For a generation, the United States has been lecturing Latin Americans about the importance of democracy and the rule of law. But last week at the State Department the advice apparently had to go in the other direction.
On Friday afternoon, less than a day after Venezuelan President Hugo Chavez was overthrown in what later turned out to be an unsuccessful military-backed coup d'etat, Otto Reich, the assistant secretary of state for Latin America, summoned senior Latin American diplomats to the State Department to discuss the sudden turn of events in the oil-rich South American country. For months last year, Reich's nomination was stalled in the Senate because, among many reasons, Democratic senators feared Reich was less than fully committed to democracy in Latin America. (Reich had a reputation as a Latin American hard-liner in several posts he held in the Reagan administration.) According to accounts provided by Latin American diplomats who attended the meeting, Reich's performance last Friday would have done little to assuage those fears.
Present at the meeting with Reich were ambassadors and other senior diplomats from most countries in Latin America, and Roger Noriega, America's ambassador to the Organization of American States. Reich began by handing out copies of a State Department press release that blamed Chavez's overthrow on Chavez himself and denied that any coup had even occurred. Reich then gave a tortured reading of the Venezuelan constitution in an attempt to illustrate that Chavez's apparent military overthrow really wasn't unconstitutional at all -- an explanation some diplomats at the meeting thought could only have been rationalized by the coup plotters themselves. Neither Reich nor other State Department officials would comment on the meeting.
Chavez had become increasingly unpopular with the Bush administration, with his pro-Cuba politics and recent threats to the independence of the country's state-owned oil company, which is the third-largest foreign supplier to the United States. Word of his ouster was also greeted positively by Bush spokesman Ari Fleischer.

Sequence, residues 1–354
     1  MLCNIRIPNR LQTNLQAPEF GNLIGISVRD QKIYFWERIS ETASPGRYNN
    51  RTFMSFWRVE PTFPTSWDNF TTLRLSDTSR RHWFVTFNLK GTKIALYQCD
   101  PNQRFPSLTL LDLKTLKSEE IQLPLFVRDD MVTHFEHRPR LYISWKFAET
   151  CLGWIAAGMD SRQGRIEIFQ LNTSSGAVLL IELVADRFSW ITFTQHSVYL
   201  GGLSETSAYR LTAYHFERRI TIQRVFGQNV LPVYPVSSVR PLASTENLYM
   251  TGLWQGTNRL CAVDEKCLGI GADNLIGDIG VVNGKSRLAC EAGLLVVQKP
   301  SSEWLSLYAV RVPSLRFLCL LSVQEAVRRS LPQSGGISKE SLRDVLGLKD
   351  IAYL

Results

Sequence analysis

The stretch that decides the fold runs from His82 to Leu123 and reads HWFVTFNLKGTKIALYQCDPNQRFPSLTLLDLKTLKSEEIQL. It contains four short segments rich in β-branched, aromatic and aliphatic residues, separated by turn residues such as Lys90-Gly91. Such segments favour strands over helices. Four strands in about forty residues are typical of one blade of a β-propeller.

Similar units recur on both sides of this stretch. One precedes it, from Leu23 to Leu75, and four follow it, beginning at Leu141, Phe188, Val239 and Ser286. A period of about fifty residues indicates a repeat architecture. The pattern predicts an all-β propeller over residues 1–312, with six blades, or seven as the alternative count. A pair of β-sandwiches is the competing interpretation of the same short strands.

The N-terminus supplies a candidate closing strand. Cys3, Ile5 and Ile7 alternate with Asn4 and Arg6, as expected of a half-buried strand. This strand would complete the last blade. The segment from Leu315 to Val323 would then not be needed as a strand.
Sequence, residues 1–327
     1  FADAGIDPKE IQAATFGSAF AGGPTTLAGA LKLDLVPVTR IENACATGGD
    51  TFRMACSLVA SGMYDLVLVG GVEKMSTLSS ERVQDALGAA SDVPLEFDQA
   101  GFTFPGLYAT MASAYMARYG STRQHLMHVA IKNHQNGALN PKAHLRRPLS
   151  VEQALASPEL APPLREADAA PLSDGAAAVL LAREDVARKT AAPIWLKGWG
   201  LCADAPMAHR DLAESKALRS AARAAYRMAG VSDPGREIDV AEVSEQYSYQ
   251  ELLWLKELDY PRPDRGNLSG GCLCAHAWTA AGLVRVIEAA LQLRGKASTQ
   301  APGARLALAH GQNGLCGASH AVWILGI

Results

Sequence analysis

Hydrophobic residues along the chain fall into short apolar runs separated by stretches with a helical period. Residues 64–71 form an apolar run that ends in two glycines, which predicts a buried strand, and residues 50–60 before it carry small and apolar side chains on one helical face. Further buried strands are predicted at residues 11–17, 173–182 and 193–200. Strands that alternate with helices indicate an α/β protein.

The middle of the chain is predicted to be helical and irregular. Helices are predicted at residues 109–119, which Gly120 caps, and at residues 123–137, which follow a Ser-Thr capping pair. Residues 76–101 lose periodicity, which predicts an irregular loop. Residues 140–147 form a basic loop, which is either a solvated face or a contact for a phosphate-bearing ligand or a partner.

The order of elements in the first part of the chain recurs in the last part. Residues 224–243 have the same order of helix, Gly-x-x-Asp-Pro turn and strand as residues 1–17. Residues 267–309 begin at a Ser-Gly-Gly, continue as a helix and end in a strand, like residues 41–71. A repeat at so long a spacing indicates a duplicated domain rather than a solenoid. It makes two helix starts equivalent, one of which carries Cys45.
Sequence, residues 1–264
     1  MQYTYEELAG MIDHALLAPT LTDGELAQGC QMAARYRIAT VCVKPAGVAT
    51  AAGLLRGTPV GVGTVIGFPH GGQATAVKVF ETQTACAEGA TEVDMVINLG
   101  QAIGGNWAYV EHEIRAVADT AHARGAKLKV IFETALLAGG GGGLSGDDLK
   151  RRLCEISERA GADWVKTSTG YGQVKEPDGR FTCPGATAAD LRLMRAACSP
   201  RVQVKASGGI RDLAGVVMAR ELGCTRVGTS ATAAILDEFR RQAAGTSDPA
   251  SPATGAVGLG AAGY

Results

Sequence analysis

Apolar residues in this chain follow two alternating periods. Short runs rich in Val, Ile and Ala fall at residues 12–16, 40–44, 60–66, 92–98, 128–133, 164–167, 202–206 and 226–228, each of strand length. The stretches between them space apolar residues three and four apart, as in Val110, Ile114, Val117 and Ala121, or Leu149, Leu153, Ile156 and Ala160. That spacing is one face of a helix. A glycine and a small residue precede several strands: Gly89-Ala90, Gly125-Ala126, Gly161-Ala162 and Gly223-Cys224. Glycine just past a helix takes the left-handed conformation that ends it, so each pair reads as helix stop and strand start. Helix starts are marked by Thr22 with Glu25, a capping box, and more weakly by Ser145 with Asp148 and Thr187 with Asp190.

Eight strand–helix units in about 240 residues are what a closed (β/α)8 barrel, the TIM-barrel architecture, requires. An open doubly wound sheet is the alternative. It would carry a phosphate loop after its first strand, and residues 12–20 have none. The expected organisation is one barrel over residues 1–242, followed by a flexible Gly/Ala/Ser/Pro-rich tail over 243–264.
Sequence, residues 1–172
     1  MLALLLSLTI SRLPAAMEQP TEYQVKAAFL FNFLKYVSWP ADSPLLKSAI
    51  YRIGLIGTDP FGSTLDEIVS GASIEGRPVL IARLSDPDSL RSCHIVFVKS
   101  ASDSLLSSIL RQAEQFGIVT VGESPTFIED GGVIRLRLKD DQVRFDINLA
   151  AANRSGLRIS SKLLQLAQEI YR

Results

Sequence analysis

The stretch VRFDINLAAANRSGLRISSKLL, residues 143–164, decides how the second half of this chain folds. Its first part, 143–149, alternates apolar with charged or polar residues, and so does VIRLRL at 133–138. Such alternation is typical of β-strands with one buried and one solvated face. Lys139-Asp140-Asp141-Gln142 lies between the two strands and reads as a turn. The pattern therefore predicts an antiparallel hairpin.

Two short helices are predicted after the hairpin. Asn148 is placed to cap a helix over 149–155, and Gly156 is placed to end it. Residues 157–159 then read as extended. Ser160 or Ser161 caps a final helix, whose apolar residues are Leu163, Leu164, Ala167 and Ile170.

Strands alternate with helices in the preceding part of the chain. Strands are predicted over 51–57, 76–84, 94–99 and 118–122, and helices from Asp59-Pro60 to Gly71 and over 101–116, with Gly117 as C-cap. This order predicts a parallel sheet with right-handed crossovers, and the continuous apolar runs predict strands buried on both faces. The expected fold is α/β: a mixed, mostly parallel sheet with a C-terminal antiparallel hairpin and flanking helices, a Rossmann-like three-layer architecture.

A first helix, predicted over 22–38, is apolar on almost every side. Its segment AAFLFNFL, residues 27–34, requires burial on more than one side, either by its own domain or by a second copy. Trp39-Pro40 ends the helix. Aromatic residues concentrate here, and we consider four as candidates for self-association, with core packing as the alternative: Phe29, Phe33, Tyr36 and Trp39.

Since many Latin American governments were already condemning Chavez's overthrow, a number of the Latin American representatives at the meeting rose to take exception to the American line, and tell the administration that it should have more concern for the democratic process. First the Brazilian representative read from his country's official statement expressing regret over Chavez's overthrow and insisting that there had been a "break in the constitutional order" -- in other words, Brazil considered it a coup.
Reich disagreed and said there was no "break" or "disruption," again making reference to provisions of the Venezuelan constitution and to surprising details of how Chavez had allegedly left office. He then provided an example that made more than one of the diplomats in the room wince. Reich said that he knew of one Latin American country, for instance, that had recently had "four presidents in two weeks."
"He was saying it was the same case in Venezuela," said one Latin American diplomat at the meeting, referring to the quick series of presidential resignations that took place last December in Argentina.
In other words, Reich's logic apparently went, this sort of thing happens all the time in Latin America.
And as you might imagine, this didn't go down well with Argentina's representative at the meeting, the embassy's deputy chief of mission, Ricardo Lagorio. Lagorio had to explain to Reich that the difference was that Argentina's presidents had resigned and been replaced under constitutional means. So it really wasn't the same thing at all. (Reached by Salon Tuesday, Lagorio would neither confirm nor deny the account.)
Reich eventually, though grudgingly, conceded the point and the floor was opened for questions with the odd spectacle of a roomful of Latin American diplomats having to lecture an American assistant secretary of state about the importance of democratic process and the rule of law.
Within 48 hours, the Venezuelan coup plotters had overplayed their hand and lost the support of key military leaders who had just placed them in power. The new "interim" government -- whose members, according to news reports, had met with U.S. officials prior to the coup attempt and had received at least a sympathetic audience, if not tacit approval -- collapsed and Chavez was right back in power.
"This was something very embarrassing for the State Department in diplomatic terms," a senior diplomatic official from one South American embassy told Salon Tuesday afternoon. "Latin American diplomacy had to give a lesson to the State Department."